12 Apr
Fondue, Fun, and Friendship


When our good friends, Tony and Tracy, told us they’d like to have us to their house for fondue, my mind travelled back to our 1970 wedding and the three lovely fondue pots we received that year. I remember how we dressed at fondue parties, wearing our maxi-vests over our multi-striped, tight-fitting turtlenecks and bell-bottomed pants. Even my husband, The Boy, from the Get a Bigger Wagon stories, often sported a turtleneck and was teased for looking like one of the Osmond Brothers. I loved putting together fondue parties, and I used the pots, frequently, until one day I stopped. Maybe it was more difficult to fondue with children under foot. Maybe some new entertaining fascination swept over me. Anyway, the pots sat empty, on a ledge in the garage, until, eventually, they were hauled off to a second-hand store.

1978, second baby on the way.

My good friend Marion did better by her pots. She has kept a Christmas Eve fondue tradition alive for over four decades, managing to change the menu based on her guests’ ever evolving eating habits. She has managed to please the vegetarian, the gluten-free guest, and the sweet tooth in the group. One year, a spilled fondue pot caused a dining area fire, but that didn’t stop Marion. She has since embraced at least one electric fondue pot, which has no open flame, and I am sure she uses that one for the hot oil fondue. It also has a perfect temperature regulator for the tempura-dipped vegetables, now featured on the Christmas Eve menu.  

The word fondue comes from the French verb fondre, meaning to melt. As near as I can tell, the fondue tradition could date back to around 800 BC. Apparently, Homer described it as a mixture of goat cheese, wine, and flour. I believe fondue originated in Switzerland, as a way of using up old cheese and dry bread. I remember a scene from the movie Heidi, where dry bread was toasted on a stick in the fireplace and then dipped into a melted cheese mixture. It seemed to me, that during the cold season, Heidi and her grandfather ate toast and melted cheese at almost every meal. I was very young when I watched the movie, but the memory of that lovely dipping ritual has stayed with me. I think maybe that is why I enjoy fondue; the ritual slows us down.

These days, another plus for serving fondue is that it busies our hands, so we can’t use our phones. We actually talk to each other, during the lulls between bites, while we select, cook, and dip morsels of food. 

During the 90s, I tasted genuine cheese fondue, served by a Swiss colleague, and he cautioned his guests to never drink water while eating a cheese fondue, as it would hinder digestion in a most unpleasant way. Instead, he served some very strong liquor, to sip between bites of fondue. According to my research, warm tea works too.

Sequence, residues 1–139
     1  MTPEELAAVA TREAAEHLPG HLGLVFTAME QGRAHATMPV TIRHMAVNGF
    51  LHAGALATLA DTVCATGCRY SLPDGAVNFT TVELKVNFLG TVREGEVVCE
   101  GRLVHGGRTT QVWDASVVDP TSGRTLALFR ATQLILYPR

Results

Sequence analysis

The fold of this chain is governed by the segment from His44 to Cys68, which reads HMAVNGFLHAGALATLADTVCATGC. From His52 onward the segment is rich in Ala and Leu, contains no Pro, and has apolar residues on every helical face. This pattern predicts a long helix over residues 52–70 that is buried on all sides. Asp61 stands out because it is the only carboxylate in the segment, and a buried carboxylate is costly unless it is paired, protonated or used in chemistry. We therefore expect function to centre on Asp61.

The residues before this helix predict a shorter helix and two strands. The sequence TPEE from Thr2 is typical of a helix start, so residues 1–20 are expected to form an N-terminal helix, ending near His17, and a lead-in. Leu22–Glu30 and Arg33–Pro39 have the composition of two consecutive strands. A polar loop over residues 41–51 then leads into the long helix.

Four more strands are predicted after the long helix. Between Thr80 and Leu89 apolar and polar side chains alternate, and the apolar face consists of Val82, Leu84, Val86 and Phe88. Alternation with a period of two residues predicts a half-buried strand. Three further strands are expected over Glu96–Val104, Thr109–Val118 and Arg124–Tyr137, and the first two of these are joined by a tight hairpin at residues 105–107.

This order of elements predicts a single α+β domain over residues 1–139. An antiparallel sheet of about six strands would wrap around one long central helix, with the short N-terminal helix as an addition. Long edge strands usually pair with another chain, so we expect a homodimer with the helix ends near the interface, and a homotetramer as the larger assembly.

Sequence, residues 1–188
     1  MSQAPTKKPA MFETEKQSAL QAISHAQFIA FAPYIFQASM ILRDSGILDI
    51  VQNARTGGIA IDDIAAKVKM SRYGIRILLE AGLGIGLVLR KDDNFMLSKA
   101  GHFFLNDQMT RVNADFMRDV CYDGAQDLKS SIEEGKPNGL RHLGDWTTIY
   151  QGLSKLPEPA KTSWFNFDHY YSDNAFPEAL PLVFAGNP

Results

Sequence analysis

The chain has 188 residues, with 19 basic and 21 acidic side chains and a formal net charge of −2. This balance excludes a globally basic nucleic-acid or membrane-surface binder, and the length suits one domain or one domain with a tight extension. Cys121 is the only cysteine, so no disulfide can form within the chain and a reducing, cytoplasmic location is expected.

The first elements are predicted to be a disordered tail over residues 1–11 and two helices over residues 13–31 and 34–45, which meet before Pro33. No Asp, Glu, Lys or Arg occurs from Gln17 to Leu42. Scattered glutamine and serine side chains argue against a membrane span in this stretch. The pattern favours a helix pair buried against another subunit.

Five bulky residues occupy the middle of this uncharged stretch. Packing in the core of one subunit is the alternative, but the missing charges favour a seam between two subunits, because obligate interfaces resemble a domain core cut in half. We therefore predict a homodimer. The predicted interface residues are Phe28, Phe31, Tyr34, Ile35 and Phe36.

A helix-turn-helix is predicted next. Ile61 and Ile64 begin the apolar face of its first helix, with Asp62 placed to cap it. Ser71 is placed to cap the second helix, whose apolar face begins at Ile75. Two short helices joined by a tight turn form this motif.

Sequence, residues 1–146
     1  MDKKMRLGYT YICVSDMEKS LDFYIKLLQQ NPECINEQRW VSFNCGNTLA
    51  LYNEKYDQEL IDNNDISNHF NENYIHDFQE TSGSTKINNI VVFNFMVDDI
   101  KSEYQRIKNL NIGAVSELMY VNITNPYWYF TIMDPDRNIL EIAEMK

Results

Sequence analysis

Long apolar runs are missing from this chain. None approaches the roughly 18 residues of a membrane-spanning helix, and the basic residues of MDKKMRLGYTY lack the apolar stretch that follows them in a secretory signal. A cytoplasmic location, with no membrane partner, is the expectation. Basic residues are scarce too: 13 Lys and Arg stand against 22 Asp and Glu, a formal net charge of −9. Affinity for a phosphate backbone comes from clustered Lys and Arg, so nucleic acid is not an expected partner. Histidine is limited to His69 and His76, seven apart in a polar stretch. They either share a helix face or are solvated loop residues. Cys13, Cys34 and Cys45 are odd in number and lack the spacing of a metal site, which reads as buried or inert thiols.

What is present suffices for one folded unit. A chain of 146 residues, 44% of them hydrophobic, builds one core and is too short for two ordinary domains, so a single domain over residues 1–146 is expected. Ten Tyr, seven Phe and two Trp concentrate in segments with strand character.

Here the cheese needs to be warmer. 

In the 1930s, the Swiss Cheese Union made fondue a national dish in Switzerland. They hoped to elevate the idea of fondue from a peasant’s way of using up cheese ends and old bread, to a social dinner party concept. Their wider goal would be to increase cheese consumption. Old cookbooks indicate that fondue became a favourite dish for dinner parties in American households in the 50s, and its popularity continued through the 60s and 70s. The fondue experienced a resurgence of popularity in the 90s. Already, in 2016, we have enjoyed a fondue with our friends, so I think it is an idea we should have at the ready.

Perfect temperature

I will concede that the cheese fondue, with its combinations of cheese and spirits, is likely the authentic way to fondue. While browsing used-book stores, I found a 1990s recipe for fondue to be made in a crockpot. I also found recipes for microwave oven cheese fondue. So, as authentic as it might be, we will always find ways to make it easier to prepare. My friend Tracy discovered something even simpler. She served President’s Choice packaged cheese fondue. It was so good that I will serve it the next time I fondue. The ingredients are true to tradition. It comes in a foil envelope, ready to squeeze out and warm. Tony and Tracy are already thinking of ways to heat this handy packaged cheese fondue over the fire, for their scout troop. There would be great comfort in warming your insides with cheese fondue, when you are outside during winter.